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J Evol Biol. 2012 Apr;25(4):647-60. doi: 10.1111/j.1420-9101.2012.02460.x. Epub 2012 Jan 24.

Morphological differentiation correlates with ecological but not with genetic divergence in a Gehyra gecko.

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1
Australian Centre for Evolutionary Biology and Biodversity, University of Adelaide, Adelaide, SA, Australia. mark.sistrom@adelaide.edu.au

Abstract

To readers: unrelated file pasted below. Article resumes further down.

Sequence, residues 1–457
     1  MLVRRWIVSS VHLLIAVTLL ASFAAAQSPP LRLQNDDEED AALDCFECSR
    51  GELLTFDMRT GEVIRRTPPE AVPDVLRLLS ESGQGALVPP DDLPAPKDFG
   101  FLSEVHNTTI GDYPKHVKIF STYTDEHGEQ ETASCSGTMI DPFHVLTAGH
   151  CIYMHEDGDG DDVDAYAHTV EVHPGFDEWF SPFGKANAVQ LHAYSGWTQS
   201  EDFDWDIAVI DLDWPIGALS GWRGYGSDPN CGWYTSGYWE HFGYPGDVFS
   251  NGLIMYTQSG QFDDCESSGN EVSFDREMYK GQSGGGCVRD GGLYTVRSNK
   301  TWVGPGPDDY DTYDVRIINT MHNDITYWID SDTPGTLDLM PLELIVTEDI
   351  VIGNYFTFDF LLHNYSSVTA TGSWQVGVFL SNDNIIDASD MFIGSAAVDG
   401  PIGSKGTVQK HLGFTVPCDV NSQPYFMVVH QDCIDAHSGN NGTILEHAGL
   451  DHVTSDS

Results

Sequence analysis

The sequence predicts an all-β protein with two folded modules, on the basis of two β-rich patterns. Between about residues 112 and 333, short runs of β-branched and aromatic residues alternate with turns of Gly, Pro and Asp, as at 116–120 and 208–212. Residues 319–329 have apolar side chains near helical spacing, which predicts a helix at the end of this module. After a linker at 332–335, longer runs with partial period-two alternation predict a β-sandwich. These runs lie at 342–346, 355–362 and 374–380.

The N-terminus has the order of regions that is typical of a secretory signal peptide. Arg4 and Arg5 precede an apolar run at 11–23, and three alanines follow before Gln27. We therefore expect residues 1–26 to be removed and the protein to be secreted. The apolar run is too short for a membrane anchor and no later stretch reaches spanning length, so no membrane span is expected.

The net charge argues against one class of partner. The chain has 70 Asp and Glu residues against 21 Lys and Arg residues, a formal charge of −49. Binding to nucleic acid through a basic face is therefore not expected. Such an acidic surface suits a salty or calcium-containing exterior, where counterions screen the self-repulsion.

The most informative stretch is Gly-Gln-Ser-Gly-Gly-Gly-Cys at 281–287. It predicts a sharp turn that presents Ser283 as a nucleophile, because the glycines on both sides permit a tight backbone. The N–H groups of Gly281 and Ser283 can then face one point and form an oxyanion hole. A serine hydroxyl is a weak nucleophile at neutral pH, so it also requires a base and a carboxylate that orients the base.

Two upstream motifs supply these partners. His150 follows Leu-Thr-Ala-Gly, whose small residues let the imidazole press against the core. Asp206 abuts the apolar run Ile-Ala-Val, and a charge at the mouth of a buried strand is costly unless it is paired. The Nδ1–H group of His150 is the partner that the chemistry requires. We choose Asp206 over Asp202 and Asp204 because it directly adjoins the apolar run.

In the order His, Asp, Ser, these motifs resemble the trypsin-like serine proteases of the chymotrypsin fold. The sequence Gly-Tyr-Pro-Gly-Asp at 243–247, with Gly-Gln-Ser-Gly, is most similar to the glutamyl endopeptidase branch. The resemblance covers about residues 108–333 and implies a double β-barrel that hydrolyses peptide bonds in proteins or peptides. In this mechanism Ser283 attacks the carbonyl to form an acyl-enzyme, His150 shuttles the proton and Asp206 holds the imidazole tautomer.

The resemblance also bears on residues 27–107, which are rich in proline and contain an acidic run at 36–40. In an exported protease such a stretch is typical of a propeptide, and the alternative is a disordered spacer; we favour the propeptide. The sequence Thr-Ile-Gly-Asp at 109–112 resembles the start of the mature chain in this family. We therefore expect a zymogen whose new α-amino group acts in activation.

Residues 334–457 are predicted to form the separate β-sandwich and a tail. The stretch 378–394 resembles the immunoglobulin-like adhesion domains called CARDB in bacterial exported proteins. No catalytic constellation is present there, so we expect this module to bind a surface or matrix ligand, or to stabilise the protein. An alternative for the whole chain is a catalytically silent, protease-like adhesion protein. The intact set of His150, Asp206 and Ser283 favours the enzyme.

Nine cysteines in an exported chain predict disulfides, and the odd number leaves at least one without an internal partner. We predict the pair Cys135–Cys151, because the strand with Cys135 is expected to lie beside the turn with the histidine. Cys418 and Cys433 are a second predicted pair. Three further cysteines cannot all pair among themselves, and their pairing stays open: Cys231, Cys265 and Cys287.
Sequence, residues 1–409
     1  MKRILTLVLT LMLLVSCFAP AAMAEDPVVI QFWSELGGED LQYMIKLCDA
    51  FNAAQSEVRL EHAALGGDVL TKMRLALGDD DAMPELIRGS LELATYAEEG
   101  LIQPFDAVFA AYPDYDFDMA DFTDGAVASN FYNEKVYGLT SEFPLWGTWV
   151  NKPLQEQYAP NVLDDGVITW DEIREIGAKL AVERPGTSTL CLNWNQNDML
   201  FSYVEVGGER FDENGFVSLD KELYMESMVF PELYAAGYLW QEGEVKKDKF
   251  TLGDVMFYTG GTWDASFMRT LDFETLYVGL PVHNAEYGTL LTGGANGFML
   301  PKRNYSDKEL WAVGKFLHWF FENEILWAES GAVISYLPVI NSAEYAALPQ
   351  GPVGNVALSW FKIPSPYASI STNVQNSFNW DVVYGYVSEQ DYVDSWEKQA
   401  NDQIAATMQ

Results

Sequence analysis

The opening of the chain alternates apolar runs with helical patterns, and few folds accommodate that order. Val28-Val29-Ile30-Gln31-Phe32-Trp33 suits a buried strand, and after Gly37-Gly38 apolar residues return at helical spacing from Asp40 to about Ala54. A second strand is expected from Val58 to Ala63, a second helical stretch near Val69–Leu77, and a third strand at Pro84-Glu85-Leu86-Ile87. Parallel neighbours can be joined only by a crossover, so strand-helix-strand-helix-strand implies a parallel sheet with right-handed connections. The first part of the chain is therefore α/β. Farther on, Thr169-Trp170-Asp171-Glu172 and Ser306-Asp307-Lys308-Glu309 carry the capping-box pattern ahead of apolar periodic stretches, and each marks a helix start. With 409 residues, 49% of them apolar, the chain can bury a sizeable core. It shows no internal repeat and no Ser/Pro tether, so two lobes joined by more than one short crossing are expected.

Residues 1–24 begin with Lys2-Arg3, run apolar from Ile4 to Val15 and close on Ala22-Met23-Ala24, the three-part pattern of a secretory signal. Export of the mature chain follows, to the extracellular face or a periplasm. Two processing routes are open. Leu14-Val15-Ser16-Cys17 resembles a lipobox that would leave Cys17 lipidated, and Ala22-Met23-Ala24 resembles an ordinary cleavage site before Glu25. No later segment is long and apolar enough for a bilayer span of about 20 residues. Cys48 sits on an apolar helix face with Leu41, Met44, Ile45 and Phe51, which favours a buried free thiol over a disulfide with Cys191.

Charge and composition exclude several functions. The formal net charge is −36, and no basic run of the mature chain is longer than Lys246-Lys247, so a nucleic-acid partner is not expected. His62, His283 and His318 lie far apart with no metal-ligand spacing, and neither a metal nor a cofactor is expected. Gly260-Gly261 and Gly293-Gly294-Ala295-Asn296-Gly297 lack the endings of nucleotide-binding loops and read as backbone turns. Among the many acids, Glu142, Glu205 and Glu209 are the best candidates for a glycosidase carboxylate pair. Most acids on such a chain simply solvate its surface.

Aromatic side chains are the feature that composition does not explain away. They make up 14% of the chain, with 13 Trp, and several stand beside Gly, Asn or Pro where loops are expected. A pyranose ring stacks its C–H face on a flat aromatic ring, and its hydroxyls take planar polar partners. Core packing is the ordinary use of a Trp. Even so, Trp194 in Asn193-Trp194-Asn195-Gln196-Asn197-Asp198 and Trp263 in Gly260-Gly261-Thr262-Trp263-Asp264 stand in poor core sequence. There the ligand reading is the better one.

Body size affects life history, the ecological niche of an organism and its interactions with other organisms. Resultantly, marked differences in body size between related organisms are often an indication of a species boundary. This is particularly evident in the Gehyra variegata species complex of geckos, which displays differential body sizes between genetically divergent species, but high levels of intraspecific morphological conservatism. We report on a Gehyra population that displays extraordinary body size differentiation in comparison with other G. variegata species. We used morphological and environmental data to show this population is phenotypically and ecologically distinct from its parapatric congener Gehyra lazelli and that morphology and ecology are significantly correlated. Contrastingly, mtDNA analysis indicates paraphyly between the two groups, and allele frequencies at six microsatellite loci show no population structure concordant with morpho-/ecotype. These results suggest either ecological speciation or environmentally induced phenotypic polymorphism, in an otherwise morphologically conservative group.

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